“Biotechnology is currently encountering controversial challenges on a global scale due to the dissemination of misinformation by anti-biotechnology activists,” she said.

In addition, Gidado noted that it is important to mention that there has been no recorded evidence of any harm inflicted upon humans, animals, or the environment since the introduction of this technology over twenty years ago.

It was observed that variety of genes in plants enables them to adapt to various challenges such as pests, diseases, climate change, drought, and soil erosion. Dr. Gidado, acknowledged the significance of genetic modification in advancing the agricultural sector and enhancing crop and animal productivity in the country.

Dr. Yemi Akinbamijo, the Executive Director of the Forum for Agricultural Research in Africa (FARA), expressed concerns regarding Nigeria’s role as a determining factor for the success or failure of biotechnology policies in Africa.

Akinbamijo urged the Nigerian government to strengthen its capacity to utilize scientific advancements in the agricultural industry during a virtual conference organized by OFAB and the National Biotechnology Development Agency (NABDA).

It is well-known that genome editing has the potential to improve agricultural productivity in Nigeria by developing crops and livestock with high nutritional value and the ability to withstand changing climate conditions and emerging diseases and pests.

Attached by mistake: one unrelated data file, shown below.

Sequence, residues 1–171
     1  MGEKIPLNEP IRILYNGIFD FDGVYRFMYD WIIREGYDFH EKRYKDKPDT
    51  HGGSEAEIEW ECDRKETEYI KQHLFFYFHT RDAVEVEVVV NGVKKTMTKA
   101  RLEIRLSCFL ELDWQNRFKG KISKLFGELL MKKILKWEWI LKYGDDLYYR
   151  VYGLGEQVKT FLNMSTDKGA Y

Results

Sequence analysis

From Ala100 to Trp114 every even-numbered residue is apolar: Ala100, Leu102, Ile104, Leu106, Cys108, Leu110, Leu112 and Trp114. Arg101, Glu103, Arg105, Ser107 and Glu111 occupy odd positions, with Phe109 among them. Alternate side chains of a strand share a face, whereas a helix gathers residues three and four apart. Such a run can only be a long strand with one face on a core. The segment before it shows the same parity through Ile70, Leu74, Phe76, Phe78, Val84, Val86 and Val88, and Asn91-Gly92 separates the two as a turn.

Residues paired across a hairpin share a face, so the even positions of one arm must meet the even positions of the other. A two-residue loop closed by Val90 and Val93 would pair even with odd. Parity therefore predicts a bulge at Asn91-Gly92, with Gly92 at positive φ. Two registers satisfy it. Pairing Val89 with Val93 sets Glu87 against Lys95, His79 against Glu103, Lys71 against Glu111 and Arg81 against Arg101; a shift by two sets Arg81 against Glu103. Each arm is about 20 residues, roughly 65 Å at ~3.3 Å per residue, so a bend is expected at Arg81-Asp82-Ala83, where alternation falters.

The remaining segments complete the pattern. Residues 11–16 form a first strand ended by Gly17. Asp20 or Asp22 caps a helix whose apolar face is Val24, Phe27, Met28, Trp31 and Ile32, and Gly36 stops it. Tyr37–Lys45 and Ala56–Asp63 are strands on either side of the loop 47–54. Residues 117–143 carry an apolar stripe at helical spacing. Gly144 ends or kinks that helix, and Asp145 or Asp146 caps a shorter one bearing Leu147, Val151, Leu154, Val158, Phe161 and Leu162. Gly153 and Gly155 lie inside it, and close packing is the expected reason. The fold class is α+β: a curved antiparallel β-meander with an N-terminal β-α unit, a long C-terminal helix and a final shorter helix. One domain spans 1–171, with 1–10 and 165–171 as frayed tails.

These efforts are being made to ensure the sustainability of agriculture, which heavily relies on conservation.

Nigeria, which heavily depends on imports to meet its food and agricultural needs, spending approximately $10 billion each year on commodities like wheat, rice, poultry, fish, and consumer-focused foods, has concerns about food scarcity due to factors such as poverty, the use of crops for biofuels, rising oil prices, population growth, climate change, and the conversion of arable land for residential and industrial purposes.

Similar to the rest of the world, Nigeria has made significant progress in biotechnology research and development. Despite facing initial opposition, indications are that Nigeria has achieved notable success in this field, largely due to strong government support.